The Father made them a fine and rather long speech upon this subject, from which he drew this conclusion, that to please God it was not enough to build a Chapel in His honor, as they claimed, but that the chief thing was to keep His commandments and give up their superstitions.
Onaconchiaronk admitted that the father was right, and did his utmost in exhorting the whole company to overcome all these difficulties. But, as each one hung his head and turned a deaf ear, the matter was deferred until the next day.
The aged Onaconchiaronk took further thought on the matter, and with sage understanding responded the next day to Fr. Brebeuf, saying that:
For his part, he considered [the points Fr. Brebeuf had made] very reasonable, but indeed he saw clearly that the young people would find great difficulties therein. However, all things well considered, he concluded that it was better to take a little trouble, and live, than to die miserably like those who had been already carried off by the disease. He spoke in so excellent fashion, and urged them so strongly, that no one dared to contradict him, and all agreed to what the father had required.
A short time later, the entire Huron village of Ossosané took a vow to accept Christianity and to live like Christians. To ratify this decision, a certain Huron named Okhiarenta, formerly a medicine man, proclaimed the terms throughout the village:
He went about crying in a loud voice that the inhabitants of Ossosané took God as their Lord and their master; that they renounced all their errors—that henceforth they would no longer pay attention to their dreams, that they would make no more feasts to the demon Aoutaerohi, that their marriages should be binding, that they would not eat human flesh—and that they bound themselves to build in the spring a cabin in [God’s] honor, in case it pleased Him to stop the progress of the disease. What a consolation it was to see God publicly glorified through the mouth of a barbarian and one of the tools of satan! Never had such a thing been seen among the Hurons.
In further accounts in the Jesuit Relations, we see how the Hurons and other native tribes struggled to live up to these vows, often with success, but just often falling back on their old ways. Writing five years later in 1642, Fr. Jerome Lalemant describes how a Christian Huron girl endured living among a nation which was largely still in the thrall of their pagan vices:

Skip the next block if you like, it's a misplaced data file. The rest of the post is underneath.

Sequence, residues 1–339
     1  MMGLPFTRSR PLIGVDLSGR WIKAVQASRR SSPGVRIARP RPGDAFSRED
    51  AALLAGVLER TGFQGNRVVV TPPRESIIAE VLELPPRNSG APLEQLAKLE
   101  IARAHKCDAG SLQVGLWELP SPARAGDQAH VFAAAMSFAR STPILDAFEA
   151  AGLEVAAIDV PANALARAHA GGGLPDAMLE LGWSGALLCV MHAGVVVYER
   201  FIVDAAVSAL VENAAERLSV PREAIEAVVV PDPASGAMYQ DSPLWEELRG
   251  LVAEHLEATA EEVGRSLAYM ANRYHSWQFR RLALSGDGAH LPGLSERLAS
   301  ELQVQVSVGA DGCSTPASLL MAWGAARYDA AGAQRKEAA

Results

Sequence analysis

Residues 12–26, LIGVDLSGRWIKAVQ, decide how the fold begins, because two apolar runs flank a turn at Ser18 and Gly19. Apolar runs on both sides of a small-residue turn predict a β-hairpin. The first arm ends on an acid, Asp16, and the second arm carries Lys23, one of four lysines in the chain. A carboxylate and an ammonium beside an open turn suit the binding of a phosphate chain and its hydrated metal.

A Christian girl was asked whether in the license which the young men here assume, she had not lent an ear to some improper discourse. "No one speaks to me," she said, "except that I am often told that I am too melancholy. But to this I answer nothing. I only pray to GOD in my heart so that He may keep me safe, because I fear to commit sin. They do not know my thoughts," she added. "I manifest my joy only in my cabin, when I am with my sisters and my parents. When I go anywhere, I alter my appearance. I keep my eyes cast down, and my forehead wrinkled, and I try to look sad so that no one is encouraged to accost me."
Reading this, I can’t help but recall the young women one can often see walking downtown or taking public transit in Philadelphia or any large American city. That look—with eyes downcast and forehead wrinkled, often with the modern addition of earbuds—is a common one meant to ward off rakes and scoundrels. And though such young women are generally not assuming this look for the exact same reason as the Huron girl described above, it is clear that both are doing their best to navigate a pagan culture in which men view them as pleasure objects and little more.

Fr. Lalemant concludes:
It is only GOD who can inspire such desires for purity in hearts and in a Country where impurity is viewed only with honor. But when Faith is in a heart it effects wonderful changes therein.
This observation can be just as easily applied to our post-Christian world as it could to the savage days of the pre-Christian Hurons. It is with sadness that we observe our modern Jesuits acting less after the fashion of their fearless and zealous Blackrobe ancestors and more like the cunning medicine men of the barbaric pagan nations who sought to keep their people enslaved to satan.